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firmed by inveterate habit. But, sad to say, the Papists, whose constant cry is “The Temple of the Lord are we,” are especially those who, by their ignorance, wickedness, and enmity to the Gospel, prove themselves to be of the “Synagogue of Satan." An instance or two will exemplify their ignorance. My Moonshee, visiting the Priest of a neighbouring Church, entered into a discussion with him respecting the Anti-Christian doctrines and practices of his Church. The Priest pleaded the authority of Scripture; but being urged to produce the ible, after many excuses and much hesitation, he brought forward, in its stead, a paltry manuscript of unheard-of dreams and fables; amongst which was that well-known piece of frantic folly from the Korán, in which God is represented as commanding the Angels to worship Adam | This was the only Bible possessed by a Priest of the Mother and Mistress of all Churches; and such was his ignorance, as to take it for the Word of God! Nor is this a solitary instance; it is but too faithful a specimen of the generality of Roman Priests throughout the country. As are the Priests, so are their people. Ask either children or adults the question, “Who is Jesus Christ;" and the answer is, that “He is the Mother of God!” I have been repeatedly petrified by receiving this answer from persons to whom, lest I should insult their understanding, I was almost ashamed to propose the question. ... One Sunday Afternoon, when I was preaching in Malayalim, a woman (a Papist) ran out of the Church in great terror; and afterwards stated as the cause, that in preaching I had described the figure of the Cross with my left hand! As to their wickedness, it may suffice to observe, that Priests and people are alike the slaves of idolatry, profaneness, Sabbath-breaking, malice, fornication, drunkenness, lying, theft, and every crime with which human nature is degraded. The Priests manifest their bitter enmity against the Gospel, by threatening with excommunication in this world, and damnation in the next, all who are guilty of attending my ministry, reading my books, or learning in my Schools: while drunkenness, adultery, theft, and other the blackest crimes, are deemed venial foibles, and are excused upon payment of a trifling penalty. A neighbouring Priest having got into his clutches some young men (Papists) who had for some time been learning in our Schools, compelled them to swear by the Bible that they would no more read the Bible. And while all are, under the heaviest penalties to themselves and their friends, forbidden to attend our Schools, they are at liberty to attend the Schools of the Heathen! A virtual confession this, that their religion,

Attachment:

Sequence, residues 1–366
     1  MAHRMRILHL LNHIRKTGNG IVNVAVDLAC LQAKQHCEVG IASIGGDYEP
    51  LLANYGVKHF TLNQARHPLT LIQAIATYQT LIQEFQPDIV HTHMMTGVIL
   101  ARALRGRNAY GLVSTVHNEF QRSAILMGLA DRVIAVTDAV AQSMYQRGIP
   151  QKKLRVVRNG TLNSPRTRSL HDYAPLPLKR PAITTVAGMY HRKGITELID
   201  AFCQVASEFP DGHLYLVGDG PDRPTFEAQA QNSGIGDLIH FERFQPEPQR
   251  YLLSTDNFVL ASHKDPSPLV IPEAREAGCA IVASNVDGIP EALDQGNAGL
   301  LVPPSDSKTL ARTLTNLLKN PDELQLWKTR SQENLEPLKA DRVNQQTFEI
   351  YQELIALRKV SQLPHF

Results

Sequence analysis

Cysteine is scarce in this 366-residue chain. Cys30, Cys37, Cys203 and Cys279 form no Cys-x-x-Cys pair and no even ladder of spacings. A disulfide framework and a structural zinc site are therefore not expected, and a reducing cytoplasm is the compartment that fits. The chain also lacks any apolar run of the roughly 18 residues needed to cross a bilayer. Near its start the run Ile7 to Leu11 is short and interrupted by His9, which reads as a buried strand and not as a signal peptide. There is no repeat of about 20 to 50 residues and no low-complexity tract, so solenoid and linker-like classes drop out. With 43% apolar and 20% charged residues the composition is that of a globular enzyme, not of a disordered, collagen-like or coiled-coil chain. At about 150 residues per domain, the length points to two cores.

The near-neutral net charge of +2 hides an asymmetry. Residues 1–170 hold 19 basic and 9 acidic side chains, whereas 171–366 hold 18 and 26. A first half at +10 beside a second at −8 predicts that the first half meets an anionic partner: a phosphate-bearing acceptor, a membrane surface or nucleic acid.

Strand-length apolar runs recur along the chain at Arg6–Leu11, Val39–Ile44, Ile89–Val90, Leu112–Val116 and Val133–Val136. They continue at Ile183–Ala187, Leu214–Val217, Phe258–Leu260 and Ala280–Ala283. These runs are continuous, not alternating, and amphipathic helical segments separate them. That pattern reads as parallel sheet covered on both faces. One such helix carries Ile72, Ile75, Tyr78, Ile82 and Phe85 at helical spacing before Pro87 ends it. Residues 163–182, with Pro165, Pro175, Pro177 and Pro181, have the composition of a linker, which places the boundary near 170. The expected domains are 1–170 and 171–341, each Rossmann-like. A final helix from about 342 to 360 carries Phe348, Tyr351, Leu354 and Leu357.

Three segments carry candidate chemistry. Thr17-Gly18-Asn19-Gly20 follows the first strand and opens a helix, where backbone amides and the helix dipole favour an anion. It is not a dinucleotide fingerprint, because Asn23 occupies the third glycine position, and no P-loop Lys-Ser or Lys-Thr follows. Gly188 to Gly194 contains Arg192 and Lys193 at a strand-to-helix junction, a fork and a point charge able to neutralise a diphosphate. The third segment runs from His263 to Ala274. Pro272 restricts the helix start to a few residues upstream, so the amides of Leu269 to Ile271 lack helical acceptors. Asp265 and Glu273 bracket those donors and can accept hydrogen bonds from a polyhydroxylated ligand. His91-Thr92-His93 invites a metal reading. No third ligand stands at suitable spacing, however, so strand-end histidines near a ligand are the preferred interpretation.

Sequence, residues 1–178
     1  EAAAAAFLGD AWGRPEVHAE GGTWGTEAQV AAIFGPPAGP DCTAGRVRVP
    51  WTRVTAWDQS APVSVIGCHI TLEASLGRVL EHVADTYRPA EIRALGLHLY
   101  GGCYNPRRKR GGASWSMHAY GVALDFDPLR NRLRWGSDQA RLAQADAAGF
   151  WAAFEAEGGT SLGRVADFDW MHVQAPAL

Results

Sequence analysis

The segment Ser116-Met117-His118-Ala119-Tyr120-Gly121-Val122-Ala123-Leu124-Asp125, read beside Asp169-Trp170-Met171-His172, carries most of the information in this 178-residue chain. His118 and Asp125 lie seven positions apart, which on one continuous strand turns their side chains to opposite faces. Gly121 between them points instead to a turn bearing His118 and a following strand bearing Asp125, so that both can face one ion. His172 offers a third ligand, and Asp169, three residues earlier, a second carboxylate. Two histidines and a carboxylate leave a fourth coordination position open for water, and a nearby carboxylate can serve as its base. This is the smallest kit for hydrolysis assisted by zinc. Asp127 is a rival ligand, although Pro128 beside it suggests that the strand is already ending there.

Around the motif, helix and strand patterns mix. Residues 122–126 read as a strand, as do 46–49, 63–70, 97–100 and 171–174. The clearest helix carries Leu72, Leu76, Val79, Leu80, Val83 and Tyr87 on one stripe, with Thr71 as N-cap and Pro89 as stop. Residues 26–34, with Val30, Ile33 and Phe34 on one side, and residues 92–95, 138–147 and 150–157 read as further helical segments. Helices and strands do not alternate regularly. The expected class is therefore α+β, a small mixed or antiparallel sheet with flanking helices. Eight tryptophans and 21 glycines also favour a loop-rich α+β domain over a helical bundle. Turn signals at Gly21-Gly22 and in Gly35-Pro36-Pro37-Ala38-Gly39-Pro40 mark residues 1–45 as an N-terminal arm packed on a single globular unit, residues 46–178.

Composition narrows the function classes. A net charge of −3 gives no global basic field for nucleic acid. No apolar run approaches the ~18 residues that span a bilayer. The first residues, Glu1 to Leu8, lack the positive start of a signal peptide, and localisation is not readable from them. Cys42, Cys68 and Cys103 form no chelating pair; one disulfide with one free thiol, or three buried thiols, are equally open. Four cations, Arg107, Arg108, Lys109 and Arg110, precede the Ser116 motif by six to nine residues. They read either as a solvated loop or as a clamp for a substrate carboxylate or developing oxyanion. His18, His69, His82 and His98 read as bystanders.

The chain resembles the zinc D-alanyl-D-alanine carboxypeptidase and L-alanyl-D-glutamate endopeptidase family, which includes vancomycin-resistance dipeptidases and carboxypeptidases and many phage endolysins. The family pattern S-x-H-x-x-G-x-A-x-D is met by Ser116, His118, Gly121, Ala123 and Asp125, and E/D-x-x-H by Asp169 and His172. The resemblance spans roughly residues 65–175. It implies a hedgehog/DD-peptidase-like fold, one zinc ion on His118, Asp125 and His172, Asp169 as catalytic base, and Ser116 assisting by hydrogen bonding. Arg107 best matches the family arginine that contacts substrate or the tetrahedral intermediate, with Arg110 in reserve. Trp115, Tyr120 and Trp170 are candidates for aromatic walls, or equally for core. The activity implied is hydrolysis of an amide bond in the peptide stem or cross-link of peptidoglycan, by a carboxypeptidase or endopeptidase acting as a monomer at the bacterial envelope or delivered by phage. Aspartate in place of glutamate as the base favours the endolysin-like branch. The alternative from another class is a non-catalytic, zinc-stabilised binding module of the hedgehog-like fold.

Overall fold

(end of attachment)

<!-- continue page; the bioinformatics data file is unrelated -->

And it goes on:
if such it may be called, accords far more with Heathenism than Christianity.